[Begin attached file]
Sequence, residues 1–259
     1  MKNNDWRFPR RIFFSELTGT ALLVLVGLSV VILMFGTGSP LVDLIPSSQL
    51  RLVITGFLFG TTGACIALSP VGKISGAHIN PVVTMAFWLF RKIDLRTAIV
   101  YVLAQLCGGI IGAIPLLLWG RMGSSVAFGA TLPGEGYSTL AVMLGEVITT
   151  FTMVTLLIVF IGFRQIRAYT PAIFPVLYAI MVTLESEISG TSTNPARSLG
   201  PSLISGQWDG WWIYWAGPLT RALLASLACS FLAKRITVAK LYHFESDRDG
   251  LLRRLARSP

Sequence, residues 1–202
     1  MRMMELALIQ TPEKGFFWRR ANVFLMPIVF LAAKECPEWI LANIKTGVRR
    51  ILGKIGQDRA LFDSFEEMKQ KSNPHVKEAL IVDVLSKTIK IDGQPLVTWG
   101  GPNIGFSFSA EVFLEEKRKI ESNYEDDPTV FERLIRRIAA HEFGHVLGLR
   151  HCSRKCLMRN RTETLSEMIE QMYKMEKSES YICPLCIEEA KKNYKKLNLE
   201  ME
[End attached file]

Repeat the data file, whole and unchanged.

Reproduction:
Sequence, residues 1–259
     1  MKNNDWRFPR RIFFSELTGT ALLVLVGLSV VILMFGTGSP LVDLIPSSQL
    51  RLVITGFLFG TTGACIALSP VGKISGAHIN PVVTMAFWLF RKIDLRTAIV
   101  YVLAQLCGGI IGAIPLLLWG RMGSSVAFGA TLPGEGYSTL AVMLGEVITT
   151  FTMVTLLIVF IGFRQIRAYT PAIFPVLYAI MVTLESEISG TSTNPARSLG
   201  PSLISGQWDG WWIYWAGPLT RALLASLACS FLAKRITVAK LYHFESDRDG
   251  LLRRLARSP

Sequence, residues 1–202
     1  MRMMELALIQ TPEKGFFWRR ANVFLMPIVF LAAKECPEWI LANIKTGVRR
    51  ILGKIGQDRA LFDSFEEMKQ KSNPHVKEAL IVDVLSKTIK IDGQPLVTWG
   101  GPNIGFSFSA EVFLEEKRKI ESNYEDDPTV FERLIRRIAA HEFGHVLGLR
   151  HCSRKCLMRN RTETLSEMIE QMYKMEKSES YICPLCIEEA KKNYKKLNLE
   201  ME